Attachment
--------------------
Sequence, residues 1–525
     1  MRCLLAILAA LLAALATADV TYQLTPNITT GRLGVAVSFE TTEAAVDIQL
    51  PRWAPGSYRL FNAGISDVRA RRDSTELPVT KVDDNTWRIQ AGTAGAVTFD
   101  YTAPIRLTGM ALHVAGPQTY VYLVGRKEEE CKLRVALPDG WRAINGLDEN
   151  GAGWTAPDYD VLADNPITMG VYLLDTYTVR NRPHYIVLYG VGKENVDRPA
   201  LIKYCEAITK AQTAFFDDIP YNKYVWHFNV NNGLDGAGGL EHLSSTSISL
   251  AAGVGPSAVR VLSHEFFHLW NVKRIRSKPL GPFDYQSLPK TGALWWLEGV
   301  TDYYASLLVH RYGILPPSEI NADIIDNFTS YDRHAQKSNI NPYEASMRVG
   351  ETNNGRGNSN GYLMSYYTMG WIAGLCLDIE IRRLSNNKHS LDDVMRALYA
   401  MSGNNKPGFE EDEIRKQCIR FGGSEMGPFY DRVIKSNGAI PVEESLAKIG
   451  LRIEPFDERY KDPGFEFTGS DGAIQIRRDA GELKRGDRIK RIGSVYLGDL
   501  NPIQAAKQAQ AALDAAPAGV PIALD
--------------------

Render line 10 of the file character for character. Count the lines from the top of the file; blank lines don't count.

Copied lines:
   401  MSGNNKPGFE EDEIRKQCIR FGGSEMGPFY DRVIKSNGAI PVEESLAKIG